Topics

COVID hold harmless


Marty Mullin
 

Group,
  A friend is about to start a five day job as a script supervisor.  She got a deal memo tht includes the following paragraph:



The last sentence is the key.  Is this legal?  I’m telling her she shouldn’t sign.

MARTY MULLIN
Director of Photography
Los Angeles

._,_._,_


Merritt Mullen
 

Nobody should be signing liability waivers.

David Mullen, ASC
Los Angeles

On Sep 4, 2020, at 5:58 PM, Marty Mullin via cml.news <mmullin4=aol.com@...> wrote:

<Screen Shot 2020-09-04 at 5.03.11 PM.png>


Mark Weingartner, ASC
 

There are at least there components to this issue to consider:

1. In the state of California, under CAL OSHA, as well as in the united staes under Federal OSHA, it is the obligation of the employer to provide a safe workplace.
No worker can release an employer of that obligation

2. If it is a union job, the job is being performed under a collective bargaining agreement, and no individual employee has the legal right or power to abrogate the terms of the contract.  Since the contract does not specifically allow for a limitation of liability due to a pandemic, if the work is being done under an IATSE collective bargaining agreement, signing a waiver is meaningless because she is not empowered to abrogate the terms of the contract.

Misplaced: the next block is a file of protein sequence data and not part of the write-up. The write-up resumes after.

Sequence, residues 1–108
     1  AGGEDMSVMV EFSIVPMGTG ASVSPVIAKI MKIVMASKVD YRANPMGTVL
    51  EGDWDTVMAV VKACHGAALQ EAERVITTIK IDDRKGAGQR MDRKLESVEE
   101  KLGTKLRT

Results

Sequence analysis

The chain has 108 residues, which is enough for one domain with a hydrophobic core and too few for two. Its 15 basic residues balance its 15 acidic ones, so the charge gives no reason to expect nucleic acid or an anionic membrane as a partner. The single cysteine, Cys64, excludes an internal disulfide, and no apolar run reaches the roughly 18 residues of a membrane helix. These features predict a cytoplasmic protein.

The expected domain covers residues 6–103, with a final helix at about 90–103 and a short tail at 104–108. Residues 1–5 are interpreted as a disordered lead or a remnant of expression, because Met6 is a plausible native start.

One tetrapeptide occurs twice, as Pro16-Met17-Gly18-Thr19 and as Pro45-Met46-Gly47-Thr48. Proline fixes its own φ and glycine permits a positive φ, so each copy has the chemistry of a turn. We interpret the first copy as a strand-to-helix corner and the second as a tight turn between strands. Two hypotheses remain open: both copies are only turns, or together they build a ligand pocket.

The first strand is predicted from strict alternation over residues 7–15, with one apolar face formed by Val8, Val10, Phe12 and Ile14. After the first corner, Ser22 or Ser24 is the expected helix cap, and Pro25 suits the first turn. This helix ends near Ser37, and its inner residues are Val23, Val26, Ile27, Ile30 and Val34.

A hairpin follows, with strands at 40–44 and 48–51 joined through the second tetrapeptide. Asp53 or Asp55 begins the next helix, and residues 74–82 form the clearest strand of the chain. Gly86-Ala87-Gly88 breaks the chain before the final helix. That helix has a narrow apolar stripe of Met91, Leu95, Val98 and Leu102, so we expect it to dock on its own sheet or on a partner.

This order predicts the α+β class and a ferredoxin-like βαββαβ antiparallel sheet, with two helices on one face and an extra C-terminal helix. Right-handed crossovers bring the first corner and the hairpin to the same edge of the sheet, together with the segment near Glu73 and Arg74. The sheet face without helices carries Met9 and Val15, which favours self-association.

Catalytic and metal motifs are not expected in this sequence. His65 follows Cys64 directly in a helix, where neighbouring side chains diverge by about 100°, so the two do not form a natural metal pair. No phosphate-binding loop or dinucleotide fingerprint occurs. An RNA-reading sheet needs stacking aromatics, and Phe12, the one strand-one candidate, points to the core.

3.  If it is a non-union job, such a waiver of liability might, in fact, hold up in a court of law.

4.  1, 2, and 3, above are all moot points with regard to an employee being infected, because from a legal standpoint, unless the employee is housed and quarantined 24/7 by the employer for a period of time before the job, during the job, and after the job, there is no way that an employee could PROVE in a court of law that the employee contracted COVID on the job itself.  One could assert it but not prove it.


So where does that net out:

If she is working under a union contract and asked to sign, she should let her local know, but not lose the work by refusing to sign… if she is covered by a collective bargaining agreement she does not have the standing to abrogate the terms of the contract (which does not specifically allow for such a waiver)  so her signature on that wiaver is meaningless.